CNET board on investment firm's radar
EmptyAn investment firm said Monday that it is looking to take over the board of CNET Networks by installing new members, including former AOL CEO Jon Miller and CAA senior executive Brian Weinstein.
Jana Partners, which owns 8% of CNET's voting shares and 8% of its nonvoting shares, said CNET management hasn't done enough to juice the company's stock price.
CNET, founded in 1992, controls such popular Internet brands as GameSpot, Chowhound, TV.com, ZDNet and MP3.com.
Jana said CNET shares rose less than 1% last year, compared with a 10% gain from the Nasdaq, and have fallen 19% in three years as the Nasdaq gained 22%.
Jana, a multibillion-dollar investment management firm, already has won the support of Sandell Asset Management, which owns 5% of CNET's nonvoting shares.
Jana is asking that shareholders insist that CNET changes its bylaws to allow its board to expand to 13 directors from eight, among other things. It also wants to replace two directors standing for re-election, one with Paul Gardi, a managing member of Alex Interactive Media, and the other with Santo Politi, a founder and general partner of Spark Capital.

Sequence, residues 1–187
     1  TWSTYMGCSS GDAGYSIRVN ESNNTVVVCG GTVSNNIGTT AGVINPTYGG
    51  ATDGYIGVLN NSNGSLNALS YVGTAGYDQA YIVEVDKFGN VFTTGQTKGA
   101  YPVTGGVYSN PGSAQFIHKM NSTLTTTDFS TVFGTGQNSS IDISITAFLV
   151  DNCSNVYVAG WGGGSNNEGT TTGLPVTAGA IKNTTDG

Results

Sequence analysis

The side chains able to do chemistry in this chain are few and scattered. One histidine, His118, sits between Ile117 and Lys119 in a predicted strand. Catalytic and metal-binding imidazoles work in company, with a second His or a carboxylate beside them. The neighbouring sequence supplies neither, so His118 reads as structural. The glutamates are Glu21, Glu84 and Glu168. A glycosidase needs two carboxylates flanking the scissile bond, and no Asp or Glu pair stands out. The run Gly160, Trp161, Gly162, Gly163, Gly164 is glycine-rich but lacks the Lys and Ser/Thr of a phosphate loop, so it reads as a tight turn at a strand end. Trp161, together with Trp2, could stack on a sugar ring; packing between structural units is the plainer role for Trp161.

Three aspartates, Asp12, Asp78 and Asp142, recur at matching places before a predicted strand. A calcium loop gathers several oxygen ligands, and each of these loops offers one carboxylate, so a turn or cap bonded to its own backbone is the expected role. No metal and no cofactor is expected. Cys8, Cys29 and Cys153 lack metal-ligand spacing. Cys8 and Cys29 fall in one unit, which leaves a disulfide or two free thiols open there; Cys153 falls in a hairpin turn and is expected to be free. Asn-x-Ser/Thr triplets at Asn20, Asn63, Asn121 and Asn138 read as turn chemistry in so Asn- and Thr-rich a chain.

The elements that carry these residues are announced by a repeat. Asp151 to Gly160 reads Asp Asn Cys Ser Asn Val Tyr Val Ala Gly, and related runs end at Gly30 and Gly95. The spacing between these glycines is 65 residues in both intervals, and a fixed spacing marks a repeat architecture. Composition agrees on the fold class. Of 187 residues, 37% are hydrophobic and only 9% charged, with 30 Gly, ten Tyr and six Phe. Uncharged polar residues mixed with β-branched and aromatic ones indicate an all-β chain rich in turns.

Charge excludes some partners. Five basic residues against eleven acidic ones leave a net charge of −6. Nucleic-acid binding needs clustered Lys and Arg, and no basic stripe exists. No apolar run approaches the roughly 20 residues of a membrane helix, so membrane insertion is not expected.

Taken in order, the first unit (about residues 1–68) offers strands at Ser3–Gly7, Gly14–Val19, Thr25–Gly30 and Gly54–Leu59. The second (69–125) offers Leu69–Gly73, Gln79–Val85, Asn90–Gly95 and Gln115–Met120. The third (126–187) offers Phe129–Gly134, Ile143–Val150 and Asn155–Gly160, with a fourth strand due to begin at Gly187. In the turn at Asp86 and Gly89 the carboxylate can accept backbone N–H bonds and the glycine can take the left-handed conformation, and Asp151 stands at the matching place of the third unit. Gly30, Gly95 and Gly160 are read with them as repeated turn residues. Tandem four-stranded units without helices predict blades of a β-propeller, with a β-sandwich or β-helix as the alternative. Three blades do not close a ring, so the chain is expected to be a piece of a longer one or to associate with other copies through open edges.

Besides those two, and Miller and Weinstein, Jana wants board seats for Jaynie Studenmund, a former COO of Yahoo's Overture Services; Julius Genachowski, managing director of Rock Creek Ventures; and Giorgio Caputo, managing director of Jana.
CNET responded Monday by reminding investors it already is under fairly new management, having promoted Neil Ashe to CEO a year ago, and that the company has been disposing of underperforming assets while recruiting executives.
Shares of CNET fell 1.4% on Monday to $8.44. They have traded from $6.90-$9.88 during the past 52 weeks.